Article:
I was asked to lead a panel on economic development at the Annual Meeting of the National Association of Counties last Friday. My task was to provide some background on economic trends for the panelists who were to speak on what their communities are doing.
I presented what have been the three main legs of the traditional economic development strategy of state and local governments:
1. Provide incentives for big companies to bring lots of jobs to your community
2. Encourage the creation and development of physical clusters of the same kind of businesses
3. Subsidize the building of places that concentrate a large number of jobs, like office buildings, factories, etc.
Then I pointed out that these three parts of the traditional strategy are being undermined by the consequences of:
- a shift in employment from making things and food to intangible services and digital goods and
- increasingly available communications
As a result, incentives to big companies don’t work well because those companies can no longer deliver or move lots of jobs. In addition to explaining why this is, I gave examples of the failure of incentives.
In a sense, there is a movement away from the world of Coase to the world of Shirky. Ronald Coase, an economics Nobel Prize winner, developed the theory of the firm – why large enterprises emerged in the industrial era and were more efficient in many ways than the marketplace itself. Clay Shirky of NYU has written about how the Internet can provide the means of collaboration today that only the large industrial corporation used to provide.
As a result, in their thinking about economic growth, governments should focus on small companies and fluid teams as the individual increasingly becomes the key unit of economic activity.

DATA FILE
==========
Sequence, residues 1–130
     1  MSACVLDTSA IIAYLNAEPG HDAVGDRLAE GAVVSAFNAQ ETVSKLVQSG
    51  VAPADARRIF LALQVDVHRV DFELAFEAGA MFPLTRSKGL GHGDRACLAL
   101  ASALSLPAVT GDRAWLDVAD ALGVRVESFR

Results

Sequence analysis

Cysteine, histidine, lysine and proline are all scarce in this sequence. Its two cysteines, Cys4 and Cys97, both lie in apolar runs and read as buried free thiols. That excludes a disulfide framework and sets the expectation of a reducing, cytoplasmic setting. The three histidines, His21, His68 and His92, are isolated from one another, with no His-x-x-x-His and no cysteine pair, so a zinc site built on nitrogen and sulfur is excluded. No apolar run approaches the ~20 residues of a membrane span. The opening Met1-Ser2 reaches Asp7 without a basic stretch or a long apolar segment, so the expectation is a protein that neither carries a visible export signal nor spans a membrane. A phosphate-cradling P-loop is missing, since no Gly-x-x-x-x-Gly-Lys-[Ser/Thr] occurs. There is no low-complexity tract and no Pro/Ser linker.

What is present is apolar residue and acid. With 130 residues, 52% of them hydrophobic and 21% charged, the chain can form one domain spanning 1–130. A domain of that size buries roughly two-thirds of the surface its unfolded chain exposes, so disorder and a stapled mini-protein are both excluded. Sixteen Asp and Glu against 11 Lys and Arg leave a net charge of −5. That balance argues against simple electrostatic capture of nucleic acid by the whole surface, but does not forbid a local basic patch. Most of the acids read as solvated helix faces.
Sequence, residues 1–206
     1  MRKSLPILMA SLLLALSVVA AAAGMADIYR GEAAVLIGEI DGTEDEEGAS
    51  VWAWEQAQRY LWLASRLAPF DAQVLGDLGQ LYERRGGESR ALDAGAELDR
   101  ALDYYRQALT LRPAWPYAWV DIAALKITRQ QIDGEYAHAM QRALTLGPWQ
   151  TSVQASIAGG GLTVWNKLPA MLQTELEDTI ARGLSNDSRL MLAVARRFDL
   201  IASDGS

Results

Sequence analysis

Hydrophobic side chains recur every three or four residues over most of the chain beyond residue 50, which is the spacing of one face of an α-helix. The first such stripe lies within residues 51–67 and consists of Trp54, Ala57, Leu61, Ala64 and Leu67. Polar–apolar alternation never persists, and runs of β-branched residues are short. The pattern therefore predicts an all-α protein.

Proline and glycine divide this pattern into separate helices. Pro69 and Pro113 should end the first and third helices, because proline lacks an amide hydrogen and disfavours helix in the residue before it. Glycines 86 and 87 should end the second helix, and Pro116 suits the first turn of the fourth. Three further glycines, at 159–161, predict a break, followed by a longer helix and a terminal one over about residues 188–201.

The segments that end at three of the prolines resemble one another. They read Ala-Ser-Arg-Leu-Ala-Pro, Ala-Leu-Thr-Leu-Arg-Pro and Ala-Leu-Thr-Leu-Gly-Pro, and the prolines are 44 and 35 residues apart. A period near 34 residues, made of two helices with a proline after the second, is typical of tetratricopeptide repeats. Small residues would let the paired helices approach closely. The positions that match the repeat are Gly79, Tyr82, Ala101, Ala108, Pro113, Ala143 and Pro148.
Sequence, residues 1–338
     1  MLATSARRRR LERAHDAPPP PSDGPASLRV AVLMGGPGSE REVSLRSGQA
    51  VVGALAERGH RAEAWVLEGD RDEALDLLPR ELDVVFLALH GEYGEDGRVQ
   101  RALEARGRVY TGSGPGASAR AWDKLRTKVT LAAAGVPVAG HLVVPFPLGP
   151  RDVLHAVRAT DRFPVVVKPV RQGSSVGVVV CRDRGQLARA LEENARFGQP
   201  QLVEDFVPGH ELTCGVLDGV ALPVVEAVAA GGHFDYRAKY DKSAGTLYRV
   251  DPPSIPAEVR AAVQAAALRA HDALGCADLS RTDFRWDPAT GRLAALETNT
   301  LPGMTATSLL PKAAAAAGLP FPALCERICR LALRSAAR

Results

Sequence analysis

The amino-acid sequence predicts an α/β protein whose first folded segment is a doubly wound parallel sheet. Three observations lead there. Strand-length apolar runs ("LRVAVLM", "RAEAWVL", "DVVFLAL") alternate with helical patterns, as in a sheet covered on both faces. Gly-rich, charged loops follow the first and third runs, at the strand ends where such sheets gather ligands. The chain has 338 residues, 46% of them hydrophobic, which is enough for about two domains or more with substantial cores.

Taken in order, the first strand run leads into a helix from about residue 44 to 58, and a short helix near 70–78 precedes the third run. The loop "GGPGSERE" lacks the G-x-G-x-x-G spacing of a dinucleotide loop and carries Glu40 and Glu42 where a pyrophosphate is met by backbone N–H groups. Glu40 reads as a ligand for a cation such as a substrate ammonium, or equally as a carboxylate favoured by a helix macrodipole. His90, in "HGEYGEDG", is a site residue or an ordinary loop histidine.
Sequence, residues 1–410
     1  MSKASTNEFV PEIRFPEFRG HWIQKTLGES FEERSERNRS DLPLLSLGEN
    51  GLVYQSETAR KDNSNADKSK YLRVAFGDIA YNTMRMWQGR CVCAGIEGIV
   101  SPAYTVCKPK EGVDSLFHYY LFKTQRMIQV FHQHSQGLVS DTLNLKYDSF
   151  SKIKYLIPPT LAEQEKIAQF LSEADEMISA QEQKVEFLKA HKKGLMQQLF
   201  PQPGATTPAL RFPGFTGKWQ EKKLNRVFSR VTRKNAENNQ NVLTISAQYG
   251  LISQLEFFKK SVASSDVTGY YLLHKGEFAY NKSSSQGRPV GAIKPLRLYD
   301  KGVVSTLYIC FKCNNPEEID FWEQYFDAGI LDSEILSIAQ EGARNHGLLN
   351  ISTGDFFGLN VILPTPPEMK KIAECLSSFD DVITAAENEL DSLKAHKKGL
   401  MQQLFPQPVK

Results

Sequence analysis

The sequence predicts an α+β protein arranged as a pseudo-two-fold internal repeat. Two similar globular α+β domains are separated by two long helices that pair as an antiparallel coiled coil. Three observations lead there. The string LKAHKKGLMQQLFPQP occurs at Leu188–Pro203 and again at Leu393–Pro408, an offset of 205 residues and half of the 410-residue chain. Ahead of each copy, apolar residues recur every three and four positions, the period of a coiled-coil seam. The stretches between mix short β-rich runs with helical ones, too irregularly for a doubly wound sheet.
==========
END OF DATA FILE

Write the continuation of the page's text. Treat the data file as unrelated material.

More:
The second part of the traditional strategy has been to create clusters. However, as some major economic studies have made clear, the value of physical clusters of the same industry is waning. Moreover, the more recent talk of “innovation clusters” would seem to fly in the face of what we have learned about how innovation happens. Innovation is more likely to occur from people in diverse fields exchanging ideas than people who are all narrowly focused on the same domain of knowledge.
Then finally there has been the practical equation of real estate development with economic development. As noted in an earlier blog, companies require less commercial real estate space per employee. Work at home and flexible co-working spaces are the substitutes and these don’t look like traditional office towers. Physical real estate itself is changing and become more a blending of virtual/physical. So perpetuating more traditional office or other industrial real estate projects would not seem to be a good future-proof investment of public funds.
I suggested that public officials needed to shift their thinking about what is economic success. Is it the total revenues of companies that might happen to have an address in your county OR is it the amount of income and wealth of its residents?
To put it another way: if you had to choose, which is the better economic picture for your community – corporate skyscrapers or headquarters in downtown, but a median household income of $40,000 per year OR no skyscrapers, but a median household income of $100,000 per year? To me the answer is clear – the latter option to both questions.
My talk was followed by presentations from the two coasts of the US. First, Ira Levy of Howard County, MD described that county’s approach with its emphasis on entrepreneurs, education, etc. We didn’t do any coordination ahead of time, but his presentation was very much in line with the ideas I presented in the opening talk. And, of course, he had to point out that Howard County has a median household income of $105,000.
A similar story came from Robert Ross of the San Mateo (CA) Council, who referred to the trends that I had outlined. These required a change in strategy even in the heart of Silicon Valley.
Please feel free to contact me at email@example.com if you want a copy of the details of the presentation.
© 2012 Norman Jacknis